Democrats on in­tel com­mit­tee still back anti-Trump dossier de­spite de­bunk­ing

The Washington Times Weekly - - Politics - BY ROWAN SCAR­BOR­OUGH

Democrats tak­ing over the House Per­ma­nent Se­lect Com­mit­tee on In­tel­li­gence and its Rus­sia-Trump probe have stayed doggedly loyal to the Hil­lary Clin­ton-fi­nanced dossier that Re­pub­li­cans say is a hoax.

At times, in­com­ing Chair­man Adam Schiff, Cal­i­for­nia Demo­crat, and col­leagues have hailed dossier writer Christo­pher Steele for pre­dict­ing events. A close ex­am­i­na­tion showed his as­ser­tions al­ready had ap­peared in the press. Other Steele al­le­ga­tions em­braced by Democrats re­main un­proven pub­licly more than two years after he started sub­mit­ting memos to his Demo­cratic han­dlers.

Mr. Schiff de­scribes the di­men­sions for his up­com­ing probes this way: There are so many Trump scan­dals, he says, “our cau­cus will need to ruth­lessly pri­or­i­tize the most im­por­tant mat­ters first.”

The com­mit­tee’s fi­nal re­port by its Re­pub­li­can ma­jor­ity in April ac­quit­ted the Trump cam­paign of col­lu­sion with Moscow in its elec­tion in­ter­fer­ence via com­puter hack­ing and fake so­cial me­dia ac­counts. To date, no Trump per­son has been charged by spe­cial coun­sel Robert Mueller on such al­le­ga­tions.

Mr. Schiff re­jected the GOP re­port, say­ing he be­lieves a con­spir­acy ex­isted be­tween Moscow and Mr. Trump.

“Through­out the in­ves­ti­ga­tion, com­mit­tee Re­pub­li­cans chose not to se­ri­ously in­ves­ti­gate — or even see, when in plain sight — ev­i­dence of col­lu­sion be­tween the Trump cam­paign and Rus­sia, in­stead adopt­ing the role of de­fense coun­sel for key in­ves­ti­ga­tion wit­nesses,” he said.

Mr. Schiff has stated that he wants to launch com­pletely new lines of in­quiry, such as sup­posed Rus­sian mon­ey­laun­der­ing through the Trump Or­ga­ni­za­tion — an al­le­ga­tion that hasn’t been broadly dis­cussed pub­licly. Re­pub­li­cans say they heard no such ev­i­dence dur­ing their in­quiry.

Democrats also have men­tioned a num­ber of Trump as­so­ciates they want to bring back for more ques­tion­ing. Can­di­dates may in­clude Don­ald Trump Jr., who or­ches­trated the June 2016 Trump Tower meet­ing with a Rus­sian lawyer promis­ing dirt on Demo­cratic pres­i­den­tial nom­i­nee Hil­lary Clin­ton, and cam­paign ad­viser Michael Ca­puto.

A big ques­tion is whether Mr. Schiff will again try to prove Mr. Steele’s al­le­ga­tions. An FBI wit­ness told the com­mit­tee in a closed-door hear­ing that none of the British ex-spy’s core col­lu­sion charges had been proven.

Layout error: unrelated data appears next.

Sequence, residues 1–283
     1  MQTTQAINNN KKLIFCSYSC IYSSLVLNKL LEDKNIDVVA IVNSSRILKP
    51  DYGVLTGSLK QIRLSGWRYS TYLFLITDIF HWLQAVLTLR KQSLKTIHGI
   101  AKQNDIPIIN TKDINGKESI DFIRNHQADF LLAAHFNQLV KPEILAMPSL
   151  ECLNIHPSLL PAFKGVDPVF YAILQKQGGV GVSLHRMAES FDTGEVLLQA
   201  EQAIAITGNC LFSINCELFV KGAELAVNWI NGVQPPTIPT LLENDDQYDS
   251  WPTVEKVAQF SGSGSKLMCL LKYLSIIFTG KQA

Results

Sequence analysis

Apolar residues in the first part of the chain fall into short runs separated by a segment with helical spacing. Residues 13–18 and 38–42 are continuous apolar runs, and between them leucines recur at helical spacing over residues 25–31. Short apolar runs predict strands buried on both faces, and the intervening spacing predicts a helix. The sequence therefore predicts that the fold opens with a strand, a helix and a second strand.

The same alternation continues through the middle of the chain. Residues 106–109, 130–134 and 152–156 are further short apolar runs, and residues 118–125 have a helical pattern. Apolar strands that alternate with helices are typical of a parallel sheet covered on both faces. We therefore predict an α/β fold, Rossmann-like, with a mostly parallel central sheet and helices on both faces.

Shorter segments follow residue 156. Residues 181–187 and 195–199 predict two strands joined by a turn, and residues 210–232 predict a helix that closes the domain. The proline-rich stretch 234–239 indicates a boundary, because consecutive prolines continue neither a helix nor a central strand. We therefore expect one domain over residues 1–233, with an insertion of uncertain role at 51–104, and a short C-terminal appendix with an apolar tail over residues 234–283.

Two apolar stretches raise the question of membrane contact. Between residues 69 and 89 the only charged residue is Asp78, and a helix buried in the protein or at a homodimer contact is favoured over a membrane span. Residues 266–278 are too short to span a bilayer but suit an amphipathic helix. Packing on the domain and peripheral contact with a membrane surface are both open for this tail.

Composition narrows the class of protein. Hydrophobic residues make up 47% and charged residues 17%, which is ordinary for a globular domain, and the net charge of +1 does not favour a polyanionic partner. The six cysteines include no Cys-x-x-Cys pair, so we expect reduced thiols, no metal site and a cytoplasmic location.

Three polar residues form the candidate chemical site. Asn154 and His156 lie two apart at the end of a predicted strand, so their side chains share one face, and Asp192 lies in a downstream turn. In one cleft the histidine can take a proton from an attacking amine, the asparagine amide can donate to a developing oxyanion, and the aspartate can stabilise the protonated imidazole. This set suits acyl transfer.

“Schiff pushed the dossier al­le­ga­tions as long as they were use­ful to him. But now the dossier has been dis­cred­ited and has ac­tu­ally boomerange­d back on the Democrats since it be­came pub­lic that they’re the ones who funded these lies and fed them to the press and to the FBI,” said a Re­pub­li­can con­gres­sional staffer. “So Schiff is mov­ing on to his next inane con­spir­acy the­ory, which ap­pears to be Trump-Rus­sia money-laun­der­ing.”

The dossier’s was re­leased to the pub­lic on Jan. 10, 2017, when Buz­zFeed posted its en­tire 35 pages.

On the po­lit­i­cal front, a sub­se­quent March hear­ing be­fore the House In­tel­li­gence Com­mit­tee marked the point where Democrats fully pro­moted the writer and his charges.

The hear­ing is seen to­day as some­what his­toric in the two-plus years of the Rus­sia nar­ra­tive. It re­vealed a deep chasm be­tween Rep. Devin Nunes, Cal­i­for­nia Re­pub­li­can and in­tel­li­gence com­mit­tee chair­man, and the Demo­cratic mi­nor­ity led by Mr. Schiff. The hear­ing fea­tured two high­pow­ered wit­nesses, then-FBI Di­rec­tor James B. Comey and then-Adm. Michael S. Rogers, Na­tional Se­cu­rity Agency di­rec­tor.

Democrats spent blocks of time try­ing to get the two to bol­ster and praise Mr. Steele, but they mostly de­clined.

“The rep­u­ta­tion of the author, Christo­pher Steele is a for­mer ac­com­plished British in­tel­li­gence of­fi­cer with a ca­reer built on fol­low­ing Rus­sia is im­por­tant,” said Rep. Joaquin Cas­tro, Texas Demo­crat. “This is not some­one who doesn’t know how to run a source and not some­one with­out con­tacts. The al­le­ga­tions it raises about Pres­i­dent Trump’s cam­paign aids con­nec­tions to Rus­sians, when over­laid with known es­tab­lished facts and time­lines from the 2016 cam­paign are very re­veal­ing.”

Un­known pub­licly at the time, and per­haps by com­mit­tee mem­bers, is that the dossier Democrats were prais­ing was paid for — by Democrats.

Mr. Steele re­ceived at least $160,000 from the Hil­lary Clin­ton cam­paign and the Demo­cratic Na­tional Com­mit­tee for op­po­si­tion re­search on Mr. Trump. As their agent, Mr. Steele col­lected all sorts of anti-Trump al­le­ga­tions from Krem­lin fig­ures and put them into a se­ries of memos for his han­dler, the in­ves­tiga­tive firm Fu­sion GPS. He briefed his al­le­ga­tions to the Wash­ing­ton lib­eral me­dia and the FBI, which ac­cepted his sup­po­si­tions as a ma­jor part of the bureau’s Trump in­ves­ti­ga­tion.